May 17, 2018

Total to leave Iran?

French multinational oil and gas company Total has announced that it will not continue operations in Iran if it is not granted a waiver from US sanctions. Total is currently part of a multi-billion dollar joint venture with the National Iranian Oil Company to develop the South Pars gas field.

US President Trump’s decision to re-impose sanctions on Tehran could impact a number of other European countries.

Background

The Iran nuclear deal, also known as the JCPOA (Joint Comprehensive Plan of Action) was signed by Iran and major powers UK, China, France, Germany, Russia, and the US (the P5+1) in 2015. The deal was a result of almost a decade of sanctions due to Iran’s non-compliance with the Nuclear Non-Proliferation Treaty. Between 2006 and 2015, Iran lost an estimated $100 billion in oil revenue alone. According to the JCPOA, Iran would limit its nuclear ambitions in return for relief from a number of sanctions. It was declared that Iran had complied with the terms of the provisional agreement and sanctions were lifted in 2016. Read more on the nuclear deal here.

World crises and unrest, especially when it takes place in oil producing nations immediately causes oil prices to shoot up. This happened in 2012, after inspectors found proof that Iran was closer to building nuclear weapons capabilities. As a result, oil prices bounced around $95 to $100 a barrel from November through January. In mid-February, prices of oil broke above $100 a barrel.

In April 2018, oil prices climbed past $75 for the first time since 2014. This was largely due to the kind of geopolitical risks that would be triggered if the Iran nuclear deal collapsed. Analysts have previously stated that Iran’s oil exports could drop by as much as 500,000 barrels a day in 2018 and 700,000 barrels a day in 2019 if the U.S. revives sanctions on the region. Read more here.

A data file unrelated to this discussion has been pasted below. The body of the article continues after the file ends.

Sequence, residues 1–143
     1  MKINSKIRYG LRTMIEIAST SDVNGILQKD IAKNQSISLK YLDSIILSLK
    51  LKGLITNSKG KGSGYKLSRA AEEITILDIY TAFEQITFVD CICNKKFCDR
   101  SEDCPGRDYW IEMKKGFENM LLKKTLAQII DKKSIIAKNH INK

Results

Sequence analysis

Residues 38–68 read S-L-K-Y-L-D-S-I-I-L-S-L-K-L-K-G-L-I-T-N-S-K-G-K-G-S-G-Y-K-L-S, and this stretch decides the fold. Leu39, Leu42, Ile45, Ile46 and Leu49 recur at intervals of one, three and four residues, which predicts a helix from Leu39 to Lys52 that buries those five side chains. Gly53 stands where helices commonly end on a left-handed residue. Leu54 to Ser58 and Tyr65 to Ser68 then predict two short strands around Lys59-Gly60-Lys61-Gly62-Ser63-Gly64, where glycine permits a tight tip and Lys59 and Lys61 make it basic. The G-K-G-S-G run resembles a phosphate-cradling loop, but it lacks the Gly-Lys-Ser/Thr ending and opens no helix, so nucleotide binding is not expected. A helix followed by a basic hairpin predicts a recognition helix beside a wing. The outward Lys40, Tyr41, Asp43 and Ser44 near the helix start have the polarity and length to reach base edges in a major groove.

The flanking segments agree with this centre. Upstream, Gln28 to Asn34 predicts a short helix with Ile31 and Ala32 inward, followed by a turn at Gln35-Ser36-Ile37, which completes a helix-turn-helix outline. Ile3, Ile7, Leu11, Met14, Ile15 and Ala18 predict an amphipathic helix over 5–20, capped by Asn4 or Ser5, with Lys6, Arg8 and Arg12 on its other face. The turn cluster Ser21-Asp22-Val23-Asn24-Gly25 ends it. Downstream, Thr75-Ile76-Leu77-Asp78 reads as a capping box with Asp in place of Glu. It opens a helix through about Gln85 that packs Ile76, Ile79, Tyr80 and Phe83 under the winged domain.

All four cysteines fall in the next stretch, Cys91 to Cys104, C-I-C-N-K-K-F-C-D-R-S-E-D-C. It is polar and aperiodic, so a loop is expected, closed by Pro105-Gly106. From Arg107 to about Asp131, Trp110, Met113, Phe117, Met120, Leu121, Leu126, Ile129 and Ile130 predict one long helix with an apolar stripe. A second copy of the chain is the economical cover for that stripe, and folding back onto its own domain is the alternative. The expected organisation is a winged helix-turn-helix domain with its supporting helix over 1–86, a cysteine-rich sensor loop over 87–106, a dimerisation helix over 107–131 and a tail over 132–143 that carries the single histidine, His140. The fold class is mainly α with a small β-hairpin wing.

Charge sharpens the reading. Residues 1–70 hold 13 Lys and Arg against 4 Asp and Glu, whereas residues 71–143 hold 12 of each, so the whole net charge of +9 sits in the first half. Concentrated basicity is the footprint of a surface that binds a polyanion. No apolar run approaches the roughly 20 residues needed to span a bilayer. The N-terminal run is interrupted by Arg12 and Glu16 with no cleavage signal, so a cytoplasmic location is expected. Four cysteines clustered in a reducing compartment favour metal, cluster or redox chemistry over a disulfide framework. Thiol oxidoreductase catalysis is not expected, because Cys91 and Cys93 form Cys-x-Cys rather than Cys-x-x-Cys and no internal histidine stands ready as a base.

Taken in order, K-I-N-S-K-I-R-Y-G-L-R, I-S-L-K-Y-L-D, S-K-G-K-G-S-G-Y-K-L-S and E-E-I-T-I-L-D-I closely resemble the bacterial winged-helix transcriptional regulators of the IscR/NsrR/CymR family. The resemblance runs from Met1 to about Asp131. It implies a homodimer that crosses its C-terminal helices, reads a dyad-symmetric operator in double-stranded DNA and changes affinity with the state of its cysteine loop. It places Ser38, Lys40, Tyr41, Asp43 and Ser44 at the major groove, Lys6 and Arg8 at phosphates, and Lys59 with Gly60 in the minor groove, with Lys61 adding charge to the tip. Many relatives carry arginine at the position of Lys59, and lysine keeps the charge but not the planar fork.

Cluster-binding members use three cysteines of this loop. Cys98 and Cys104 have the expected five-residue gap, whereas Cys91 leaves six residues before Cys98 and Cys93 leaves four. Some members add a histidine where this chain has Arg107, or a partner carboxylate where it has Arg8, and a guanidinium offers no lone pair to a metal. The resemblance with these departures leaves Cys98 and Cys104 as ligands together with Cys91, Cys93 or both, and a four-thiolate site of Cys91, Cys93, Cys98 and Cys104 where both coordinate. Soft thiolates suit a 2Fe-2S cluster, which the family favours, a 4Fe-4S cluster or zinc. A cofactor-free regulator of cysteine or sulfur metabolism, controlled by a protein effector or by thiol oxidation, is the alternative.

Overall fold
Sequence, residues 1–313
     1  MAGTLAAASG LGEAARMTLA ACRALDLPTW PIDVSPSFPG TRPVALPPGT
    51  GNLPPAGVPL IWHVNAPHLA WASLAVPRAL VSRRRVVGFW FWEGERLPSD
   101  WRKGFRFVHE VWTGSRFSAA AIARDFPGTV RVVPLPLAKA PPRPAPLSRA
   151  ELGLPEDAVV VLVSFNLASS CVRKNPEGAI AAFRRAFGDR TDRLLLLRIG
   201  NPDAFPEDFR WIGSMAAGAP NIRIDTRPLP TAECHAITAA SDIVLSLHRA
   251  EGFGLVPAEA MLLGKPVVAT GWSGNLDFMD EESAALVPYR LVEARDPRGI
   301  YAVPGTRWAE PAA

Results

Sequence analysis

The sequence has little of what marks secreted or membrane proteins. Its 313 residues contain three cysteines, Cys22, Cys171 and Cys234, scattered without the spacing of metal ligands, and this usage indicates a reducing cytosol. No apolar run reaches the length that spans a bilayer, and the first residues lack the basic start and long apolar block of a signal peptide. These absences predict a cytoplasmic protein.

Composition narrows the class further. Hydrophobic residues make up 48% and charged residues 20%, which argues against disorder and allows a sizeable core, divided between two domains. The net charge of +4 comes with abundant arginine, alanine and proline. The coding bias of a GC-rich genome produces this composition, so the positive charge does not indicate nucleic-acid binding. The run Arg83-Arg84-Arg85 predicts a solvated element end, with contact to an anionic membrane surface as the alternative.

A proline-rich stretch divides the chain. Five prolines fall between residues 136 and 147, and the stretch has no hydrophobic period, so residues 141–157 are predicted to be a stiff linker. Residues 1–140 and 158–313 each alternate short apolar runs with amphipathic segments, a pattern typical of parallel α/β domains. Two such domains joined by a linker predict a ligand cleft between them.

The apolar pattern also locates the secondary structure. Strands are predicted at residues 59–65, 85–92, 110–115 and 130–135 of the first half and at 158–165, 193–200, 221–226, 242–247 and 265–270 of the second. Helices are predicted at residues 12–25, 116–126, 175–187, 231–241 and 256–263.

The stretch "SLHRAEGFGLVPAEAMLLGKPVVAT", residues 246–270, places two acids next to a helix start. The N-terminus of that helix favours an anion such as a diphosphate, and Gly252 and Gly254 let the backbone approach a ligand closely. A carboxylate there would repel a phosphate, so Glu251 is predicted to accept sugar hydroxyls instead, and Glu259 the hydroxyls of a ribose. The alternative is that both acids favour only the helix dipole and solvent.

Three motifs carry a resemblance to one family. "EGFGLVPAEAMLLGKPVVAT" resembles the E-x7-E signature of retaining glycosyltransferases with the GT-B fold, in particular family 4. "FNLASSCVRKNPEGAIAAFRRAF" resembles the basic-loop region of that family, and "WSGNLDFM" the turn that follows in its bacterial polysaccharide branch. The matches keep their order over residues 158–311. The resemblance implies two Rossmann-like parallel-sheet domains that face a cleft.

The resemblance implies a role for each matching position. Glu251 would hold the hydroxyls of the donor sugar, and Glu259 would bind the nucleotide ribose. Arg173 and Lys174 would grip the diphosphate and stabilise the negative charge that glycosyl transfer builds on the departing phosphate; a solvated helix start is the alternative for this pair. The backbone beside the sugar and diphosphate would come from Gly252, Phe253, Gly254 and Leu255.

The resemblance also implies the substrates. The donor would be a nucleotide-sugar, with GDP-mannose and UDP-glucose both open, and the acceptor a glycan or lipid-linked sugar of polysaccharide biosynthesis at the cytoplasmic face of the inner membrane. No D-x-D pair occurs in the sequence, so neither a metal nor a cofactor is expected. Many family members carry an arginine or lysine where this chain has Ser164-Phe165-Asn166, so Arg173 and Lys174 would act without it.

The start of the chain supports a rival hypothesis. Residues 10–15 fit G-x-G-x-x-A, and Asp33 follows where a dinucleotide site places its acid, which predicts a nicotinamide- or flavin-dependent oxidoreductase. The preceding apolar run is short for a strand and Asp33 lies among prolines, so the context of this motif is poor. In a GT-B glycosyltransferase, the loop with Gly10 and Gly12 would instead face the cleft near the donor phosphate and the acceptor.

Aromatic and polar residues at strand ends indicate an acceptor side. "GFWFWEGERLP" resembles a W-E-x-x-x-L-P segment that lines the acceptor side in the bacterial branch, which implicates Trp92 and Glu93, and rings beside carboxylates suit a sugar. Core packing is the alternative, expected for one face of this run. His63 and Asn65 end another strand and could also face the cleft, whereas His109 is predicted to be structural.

Total

Total is a multinational oil and gas company based in Courbevoie, France. Total has operations in over 130 countries and is the fourth largest oil and gas company in the world. It was founded in 1924 as the Compagnie Française des Pétroles (CFP) by Ernest Mercier. Its businesses span the entire oil and gas supply chain, including exploration, production, transportation, refinery, and petroleum product marketing. It also deals in renewable energy.

Total began its operations in Iran in 1954. It returned to the country once sanctions were suspended in January 2016. In 2017, Total signed a contract with the National Iranian Oil Company to develop phase 11 of the South Pars gas field (SP11). SP11 is a gas development project dedicated to the supply of domestic gas to the domestic Iranian market.

 

Analysis

On May 8th, 2018, President Trump announced that the US would be withdrawing from the “decaying and rotten” nuclear deal. Iran has warned that it would not “remain in a deal that has no benefit” and threatened to resume its uranium enrichment projects. 

Total has announced that it will not continue its operations in Iran if it is not granted a waiver from US sanctions. “Total has always been clear that it cannot afford to be exposed to any secondary sanction, which might include the loss of financing in dollars by US banks for its worldwide operations… the loss of its US shareholders… or the inability to continue its US operations,” the company said. Total noted that it has invested less than $50 million in the project so far.